The Patriots made big moves at the RB position in the offseason, signing free agents Mike Gillislee and Rex Burkhead while also extending Super Bowl LI hero James White’s contract for three more seasons. In 2017, the expectation was those three would be carrying the team at the RB position. Instead, it’s been the one player who didn’t grab headlines for contract related reasons that has emerged out of this group. Coming back from two knee surgeries between his last game of 2015 and first game of 2016, Dion Lewis is finally back to pre-ACL tear form and has reclaimed his 2015 role as the primary back in the offense.
Burkhead and White are still playing to expectations and getting snaps as the normal rate, but it’s been Gillislee who’s been phased out of the offense. It’s not a knock on Gillislee, his problem is that he plays in an offense that relies on backs who are great at catching and running in the open field more than a back whose skill set is exclusively as a rusher. When Gillislee has been on the field, the Patriots have run the ball at about 70% of the time. That’s a tell to the defense, which is why Gillislee’s numbers have been pedestrian and a reason why he’s been phased out of the offense. Why give the defense an advantage when you can plug in Lewis who for the most part can be effective for pretty much any situation and personnel grouping?
The Patriots don’t have a bellcow back that they can hand off 20 times a game anymore with LeGarrette Blount’s departure, so it’s been a committee approach to the backfield. Given that Lewis, Burkhead, and White are all capable of being big threats in the passing game, the versatility allows for Josh McDaniels to call plays better suited to attack the opposing team’s weakness. Since Week 6, Lewis has touched the ball 70 times (63 carries, 7 catches) and gained 392 yards from scrimmage. In that same time frame, Burkhead has 40 touches (25/15) in 4 games since he missed the Week 6 games vs. the Jets, and White 25 (12/13) in 5. On a per game basis, Lewis has averaged 14 touches, Burkhead 10, and White 5. So those 3 backs are averaging about 29 touches a game with Lewis getting roughly 50% of the workload in terms of touches out of the backfield.
There is a really good reason why Lewis gets the lion’s share of the touches for the backs. Lewis is the best runner between the four backs with his ability to accelerate rapidly accelerate to maximize the amount of yards the offensive line blocks for. At 5’8” 195, Lewis may be undersized compared to most primary ball carriers but he isn’t afraid of contact when running the ball and is able to run through arm tackles and over flat-footed linebackers and defensive backs. Lewis hasn’t gotten the ball a lot out of the backfield due to Burkhead and White getting those touches, but Lewis is equally as capable to make plays as a receiver as he is as a runner as the Raiders found out the hard way.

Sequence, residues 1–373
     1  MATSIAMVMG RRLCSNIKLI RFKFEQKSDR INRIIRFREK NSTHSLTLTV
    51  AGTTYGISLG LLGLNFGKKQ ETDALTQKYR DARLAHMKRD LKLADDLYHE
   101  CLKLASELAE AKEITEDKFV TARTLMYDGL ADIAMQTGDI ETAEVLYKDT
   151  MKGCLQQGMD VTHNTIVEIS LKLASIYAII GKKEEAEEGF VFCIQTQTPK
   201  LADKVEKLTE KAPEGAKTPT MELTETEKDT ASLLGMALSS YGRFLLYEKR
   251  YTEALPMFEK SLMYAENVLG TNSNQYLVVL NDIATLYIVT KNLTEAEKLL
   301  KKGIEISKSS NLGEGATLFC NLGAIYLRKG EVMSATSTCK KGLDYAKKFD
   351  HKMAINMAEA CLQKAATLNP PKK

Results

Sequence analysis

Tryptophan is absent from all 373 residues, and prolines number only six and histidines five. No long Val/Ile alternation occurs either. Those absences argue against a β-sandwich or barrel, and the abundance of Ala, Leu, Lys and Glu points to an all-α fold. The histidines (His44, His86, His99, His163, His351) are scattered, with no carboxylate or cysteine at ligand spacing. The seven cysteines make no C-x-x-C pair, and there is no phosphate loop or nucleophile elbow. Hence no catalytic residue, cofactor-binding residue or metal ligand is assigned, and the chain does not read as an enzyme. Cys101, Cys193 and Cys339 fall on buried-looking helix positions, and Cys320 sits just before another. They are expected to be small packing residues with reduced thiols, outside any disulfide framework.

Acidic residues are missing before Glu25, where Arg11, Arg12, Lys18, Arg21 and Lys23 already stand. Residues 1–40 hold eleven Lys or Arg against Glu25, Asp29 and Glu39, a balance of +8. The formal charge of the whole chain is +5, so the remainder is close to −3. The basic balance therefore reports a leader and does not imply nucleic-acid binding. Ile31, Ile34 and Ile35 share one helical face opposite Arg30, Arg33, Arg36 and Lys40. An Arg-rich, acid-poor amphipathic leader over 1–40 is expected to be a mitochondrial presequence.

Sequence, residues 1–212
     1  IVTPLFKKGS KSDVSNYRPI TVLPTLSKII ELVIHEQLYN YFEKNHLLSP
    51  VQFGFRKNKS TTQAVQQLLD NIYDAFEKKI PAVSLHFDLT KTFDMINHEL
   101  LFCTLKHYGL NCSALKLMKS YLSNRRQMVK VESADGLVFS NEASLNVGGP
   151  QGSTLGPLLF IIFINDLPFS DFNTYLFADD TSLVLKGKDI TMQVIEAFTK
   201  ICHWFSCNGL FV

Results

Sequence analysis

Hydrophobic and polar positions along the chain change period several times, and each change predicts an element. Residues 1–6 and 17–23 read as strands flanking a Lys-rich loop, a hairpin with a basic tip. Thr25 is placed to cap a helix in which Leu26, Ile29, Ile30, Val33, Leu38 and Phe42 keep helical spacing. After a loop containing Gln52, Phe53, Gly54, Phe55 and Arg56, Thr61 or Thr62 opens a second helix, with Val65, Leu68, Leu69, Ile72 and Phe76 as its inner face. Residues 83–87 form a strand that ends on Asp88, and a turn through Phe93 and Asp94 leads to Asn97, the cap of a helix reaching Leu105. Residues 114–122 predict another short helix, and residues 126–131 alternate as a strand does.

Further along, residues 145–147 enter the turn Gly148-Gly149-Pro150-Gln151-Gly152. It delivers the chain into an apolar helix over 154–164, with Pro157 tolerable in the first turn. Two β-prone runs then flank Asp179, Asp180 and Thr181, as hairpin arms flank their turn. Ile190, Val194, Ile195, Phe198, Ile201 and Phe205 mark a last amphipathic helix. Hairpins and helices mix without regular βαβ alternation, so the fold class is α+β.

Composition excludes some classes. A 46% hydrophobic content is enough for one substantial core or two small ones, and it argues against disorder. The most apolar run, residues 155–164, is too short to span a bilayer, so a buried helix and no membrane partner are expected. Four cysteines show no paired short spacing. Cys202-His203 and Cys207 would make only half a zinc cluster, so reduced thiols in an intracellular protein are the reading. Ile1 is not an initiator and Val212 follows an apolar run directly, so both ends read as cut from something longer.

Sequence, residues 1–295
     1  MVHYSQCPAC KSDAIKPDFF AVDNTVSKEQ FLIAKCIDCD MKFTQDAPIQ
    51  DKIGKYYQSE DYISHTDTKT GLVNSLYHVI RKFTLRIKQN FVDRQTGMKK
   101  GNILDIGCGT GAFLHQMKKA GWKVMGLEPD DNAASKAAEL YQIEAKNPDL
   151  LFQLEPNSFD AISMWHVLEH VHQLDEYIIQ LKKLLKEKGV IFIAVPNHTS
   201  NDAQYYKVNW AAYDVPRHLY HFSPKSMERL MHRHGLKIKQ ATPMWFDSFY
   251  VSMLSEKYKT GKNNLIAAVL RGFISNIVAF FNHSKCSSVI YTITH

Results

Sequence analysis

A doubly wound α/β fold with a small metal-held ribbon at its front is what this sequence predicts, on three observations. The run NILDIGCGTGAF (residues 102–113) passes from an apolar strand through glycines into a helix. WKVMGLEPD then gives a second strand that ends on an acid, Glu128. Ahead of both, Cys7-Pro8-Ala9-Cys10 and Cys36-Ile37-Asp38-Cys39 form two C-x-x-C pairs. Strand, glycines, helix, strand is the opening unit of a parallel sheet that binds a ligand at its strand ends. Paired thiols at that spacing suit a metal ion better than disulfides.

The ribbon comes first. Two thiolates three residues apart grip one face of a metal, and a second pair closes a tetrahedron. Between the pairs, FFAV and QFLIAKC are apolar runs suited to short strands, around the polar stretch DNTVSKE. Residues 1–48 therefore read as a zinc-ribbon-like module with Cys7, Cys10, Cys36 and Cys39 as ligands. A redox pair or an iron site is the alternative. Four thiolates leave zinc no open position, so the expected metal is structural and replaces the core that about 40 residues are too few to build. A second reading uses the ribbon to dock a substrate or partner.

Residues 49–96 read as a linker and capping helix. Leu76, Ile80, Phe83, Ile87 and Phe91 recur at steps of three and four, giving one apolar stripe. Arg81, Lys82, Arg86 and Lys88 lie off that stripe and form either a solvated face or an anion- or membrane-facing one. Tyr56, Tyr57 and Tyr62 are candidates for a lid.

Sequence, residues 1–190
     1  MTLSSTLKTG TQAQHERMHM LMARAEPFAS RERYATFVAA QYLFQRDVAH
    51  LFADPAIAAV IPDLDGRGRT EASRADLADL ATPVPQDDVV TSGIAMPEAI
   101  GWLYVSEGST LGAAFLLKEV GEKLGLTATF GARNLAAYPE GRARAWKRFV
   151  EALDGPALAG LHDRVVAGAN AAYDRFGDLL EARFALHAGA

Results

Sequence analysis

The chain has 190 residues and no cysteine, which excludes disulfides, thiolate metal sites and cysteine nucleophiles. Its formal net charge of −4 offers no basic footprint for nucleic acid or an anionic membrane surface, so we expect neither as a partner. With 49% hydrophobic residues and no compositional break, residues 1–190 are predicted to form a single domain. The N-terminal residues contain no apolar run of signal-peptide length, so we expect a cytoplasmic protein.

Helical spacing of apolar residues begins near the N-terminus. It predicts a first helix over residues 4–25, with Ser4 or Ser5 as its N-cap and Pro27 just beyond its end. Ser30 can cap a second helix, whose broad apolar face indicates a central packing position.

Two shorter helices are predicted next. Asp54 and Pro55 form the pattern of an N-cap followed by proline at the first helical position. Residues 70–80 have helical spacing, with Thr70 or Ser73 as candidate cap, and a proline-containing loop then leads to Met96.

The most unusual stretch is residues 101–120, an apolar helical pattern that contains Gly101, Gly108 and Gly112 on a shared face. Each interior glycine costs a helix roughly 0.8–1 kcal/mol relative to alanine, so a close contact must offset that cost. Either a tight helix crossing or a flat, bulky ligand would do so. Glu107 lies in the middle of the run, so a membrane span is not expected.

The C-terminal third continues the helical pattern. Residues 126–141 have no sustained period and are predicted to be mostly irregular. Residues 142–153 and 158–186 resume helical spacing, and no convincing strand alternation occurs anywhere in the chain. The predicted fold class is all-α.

In terms of snaps, Lewis has been around 25-30 snaps in the last 5 games, save for a 21-snap game against Denver where the Patriots opted to use Burkhead more (36/70 snaps in Week 10) against a defense that struggles to cover backs that are deployed as receivers. The overall trend is when the Patriots want to use a back as a weapon out of the backfield, they’ve turned more to Burkhead, who has the most catches (15) of the 3 backs since Week 7 although White has 13 over that stretch with 0 against the Raiders. When the Patriots want to run the ball more, Lewis sees an increase in snaps. The trend with the backs the last two games has been Lewis the primary rusher with Burkhead and White sharing the receiving back role with White playing more on situational downs and Burkhead on earlier downs. That trend could change as the season continues with injuries or game plan requiring a different approach.